Many businesses worldwide have started adopting Near Field Communication technology in their services and operations. These brands include Union Pay, Adidas, China Mobile, Kraft Heinz, and Japanese Airlines. Implementing NFC technology is not new, but the COVID pandemic propelled the use of NFCs to give way to contactless transactions. NFC tags and cards have helped marketers create interactive experiences for their target customers. They're also used to convey information and provide loyalty programs, among others. The increasing adoption rate of NFC technology provided various benefits to both marketers and customers, further improving their popularity. Today, NFC stickers are used in different industries, including retail, banking, financial services, and healthcare. Written below are several industries that have adopted NFC technologies and how they are using them:
RetailThe retail sector was among the earliest adopters of mobile and contactless payments. NFC is useful for contactless payment methods, but the retail sector has already moved beyond simply using the technology for contactless payments. One company, the Kroger Company, rolled out a solution to allow people to buy things and avail curbside pickup or mobile checkout service. Retailers are also using NFC technology for the following purposes:
- Integrating point-of-sale statistics to a data management platform for better ad targeting
- Sharing product information
- Offering discounts
- Marketing campaigns
Some notable uses of NFC technology include Kraft's use of RFID chips that NFC-enabled smartphones can tap to see recipe contents, access i-Food Assistant apps, or share through Facebook. Another is Adidas using NFC technology for in-store promotions.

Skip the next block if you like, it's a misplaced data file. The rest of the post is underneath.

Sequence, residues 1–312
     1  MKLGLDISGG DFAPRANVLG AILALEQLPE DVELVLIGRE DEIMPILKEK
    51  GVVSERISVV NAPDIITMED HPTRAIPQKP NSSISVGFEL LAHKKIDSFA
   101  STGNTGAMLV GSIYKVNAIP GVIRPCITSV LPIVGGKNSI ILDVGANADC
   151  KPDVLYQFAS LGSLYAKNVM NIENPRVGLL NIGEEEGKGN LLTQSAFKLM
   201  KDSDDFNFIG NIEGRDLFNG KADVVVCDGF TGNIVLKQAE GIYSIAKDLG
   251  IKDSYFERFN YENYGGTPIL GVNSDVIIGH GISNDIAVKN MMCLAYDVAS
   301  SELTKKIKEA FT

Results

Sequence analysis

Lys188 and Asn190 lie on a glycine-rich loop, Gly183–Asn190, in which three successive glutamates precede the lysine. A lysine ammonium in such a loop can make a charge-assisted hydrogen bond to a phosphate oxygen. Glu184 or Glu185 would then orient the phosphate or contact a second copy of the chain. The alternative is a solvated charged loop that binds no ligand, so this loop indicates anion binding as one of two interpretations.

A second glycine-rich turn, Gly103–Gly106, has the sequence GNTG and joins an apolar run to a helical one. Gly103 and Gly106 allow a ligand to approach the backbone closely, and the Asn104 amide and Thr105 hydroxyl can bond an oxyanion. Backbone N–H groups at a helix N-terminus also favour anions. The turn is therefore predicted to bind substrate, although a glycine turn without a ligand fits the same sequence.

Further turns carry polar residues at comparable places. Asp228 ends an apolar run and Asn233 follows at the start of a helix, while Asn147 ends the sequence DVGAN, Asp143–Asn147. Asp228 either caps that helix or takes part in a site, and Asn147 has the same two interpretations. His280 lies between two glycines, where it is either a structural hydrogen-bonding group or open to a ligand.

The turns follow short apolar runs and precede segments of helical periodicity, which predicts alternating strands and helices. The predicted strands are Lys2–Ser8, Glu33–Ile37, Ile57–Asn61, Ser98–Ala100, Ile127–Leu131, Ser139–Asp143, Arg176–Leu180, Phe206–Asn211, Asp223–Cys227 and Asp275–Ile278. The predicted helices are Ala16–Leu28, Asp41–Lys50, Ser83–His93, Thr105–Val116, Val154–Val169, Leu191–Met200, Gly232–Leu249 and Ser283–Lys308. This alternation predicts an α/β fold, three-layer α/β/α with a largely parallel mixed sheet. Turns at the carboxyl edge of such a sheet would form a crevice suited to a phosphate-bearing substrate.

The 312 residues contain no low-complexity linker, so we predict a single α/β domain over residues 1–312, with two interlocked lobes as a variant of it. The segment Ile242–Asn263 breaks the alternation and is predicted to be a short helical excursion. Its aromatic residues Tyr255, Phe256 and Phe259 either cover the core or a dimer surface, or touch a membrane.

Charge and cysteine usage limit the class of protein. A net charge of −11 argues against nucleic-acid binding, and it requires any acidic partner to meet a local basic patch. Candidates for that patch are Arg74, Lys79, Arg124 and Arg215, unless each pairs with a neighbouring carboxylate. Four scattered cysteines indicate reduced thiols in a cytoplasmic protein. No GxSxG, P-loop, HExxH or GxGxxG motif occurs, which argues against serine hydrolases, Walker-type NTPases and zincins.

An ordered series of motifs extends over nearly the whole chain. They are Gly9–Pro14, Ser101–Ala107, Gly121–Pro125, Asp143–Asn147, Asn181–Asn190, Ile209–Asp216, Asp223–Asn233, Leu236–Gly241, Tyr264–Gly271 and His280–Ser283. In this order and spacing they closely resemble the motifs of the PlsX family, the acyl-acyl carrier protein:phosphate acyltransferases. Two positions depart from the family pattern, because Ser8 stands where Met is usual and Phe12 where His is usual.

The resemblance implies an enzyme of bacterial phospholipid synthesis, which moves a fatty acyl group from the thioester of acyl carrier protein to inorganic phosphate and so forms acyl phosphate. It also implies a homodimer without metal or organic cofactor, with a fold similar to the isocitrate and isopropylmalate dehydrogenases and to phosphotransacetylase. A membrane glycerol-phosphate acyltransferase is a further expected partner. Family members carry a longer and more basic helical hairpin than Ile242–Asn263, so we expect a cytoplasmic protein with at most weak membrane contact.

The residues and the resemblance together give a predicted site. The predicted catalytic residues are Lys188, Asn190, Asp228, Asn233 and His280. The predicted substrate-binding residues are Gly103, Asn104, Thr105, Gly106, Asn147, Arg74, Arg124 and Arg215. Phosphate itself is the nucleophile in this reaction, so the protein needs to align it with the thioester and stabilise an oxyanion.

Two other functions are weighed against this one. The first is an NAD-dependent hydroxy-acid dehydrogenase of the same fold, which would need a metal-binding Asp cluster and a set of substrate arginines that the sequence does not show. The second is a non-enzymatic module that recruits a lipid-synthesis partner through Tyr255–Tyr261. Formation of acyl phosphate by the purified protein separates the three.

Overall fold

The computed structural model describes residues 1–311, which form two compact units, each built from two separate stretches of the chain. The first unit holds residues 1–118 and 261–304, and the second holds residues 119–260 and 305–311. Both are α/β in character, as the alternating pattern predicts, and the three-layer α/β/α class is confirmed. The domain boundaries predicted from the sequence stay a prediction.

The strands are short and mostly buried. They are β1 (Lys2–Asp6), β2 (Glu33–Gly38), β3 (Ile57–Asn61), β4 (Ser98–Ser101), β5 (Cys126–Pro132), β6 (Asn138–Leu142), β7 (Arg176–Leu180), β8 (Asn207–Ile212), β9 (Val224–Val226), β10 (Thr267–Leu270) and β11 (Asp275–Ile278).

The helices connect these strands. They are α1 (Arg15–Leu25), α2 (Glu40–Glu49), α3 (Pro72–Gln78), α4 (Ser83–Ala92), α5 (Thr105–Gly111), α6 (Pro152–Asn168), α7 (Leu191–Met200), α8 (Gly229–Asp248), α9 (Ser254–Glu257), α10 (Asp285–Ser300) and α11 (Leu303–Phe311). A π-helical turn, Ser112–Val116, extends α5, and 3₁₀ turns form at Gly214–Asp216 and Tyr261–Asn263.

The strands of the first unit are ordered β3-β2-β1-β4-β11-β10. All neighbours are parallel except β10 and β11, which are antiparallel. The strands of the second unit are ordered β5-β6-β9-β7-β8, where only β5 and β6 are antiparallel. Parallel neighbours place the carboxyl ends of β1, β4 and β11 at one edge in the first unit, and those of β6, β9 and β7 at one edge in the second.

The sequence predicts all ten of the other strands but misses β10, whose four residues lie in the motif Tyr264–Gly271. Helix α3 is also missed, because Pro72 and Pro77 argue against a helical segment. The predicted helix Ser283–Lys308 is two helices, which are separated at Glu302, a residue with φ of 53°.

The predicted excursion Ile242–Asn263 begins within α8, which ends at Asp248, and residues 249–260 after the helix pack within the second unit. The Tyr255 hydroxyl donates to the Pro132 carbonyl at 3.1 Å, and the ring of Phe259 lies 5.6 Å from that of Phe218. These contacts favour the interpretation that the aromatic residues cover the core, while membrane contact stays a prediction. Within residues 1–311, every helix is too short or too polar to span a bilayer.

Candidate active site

Taxi companies have used NFC technology for years for mobile payment services to help passengers pay for their trip quickly and securely. In Turin, Italy, transportation authorities started allowing people to pay for their bus and subway journeys using the same method as taxis. Transportation companies also use NFC tags for personalised advertising.
The healthcare sector is adopting NFC tags to benefit both providers and patients. One notable use is by using the stickers to access cloud-stored medical records through an NFC-based system. Another noteworthy use is through a self-adhesive patch used for temperature taking, wherein users tap it to perform a check and send the results to a healthcare professional. Because NFC-based SOS features are now standard on many different smartphone models, people can now scan a person’s tag and raise an SOS alarm in case of an accident or emergency. The healthcare sector is seeing a more streamlined information collection and management system through the use of NFC technology.
Multiple universities in the United States are currently committed to having a system that facilitates smartphone payments. This payment scheme is effective for on- and off-campus outlets, and other applications of NFC tags are being researched. Other possible applications include attendance monitoring to streamline attendance-checking, especially for large classes.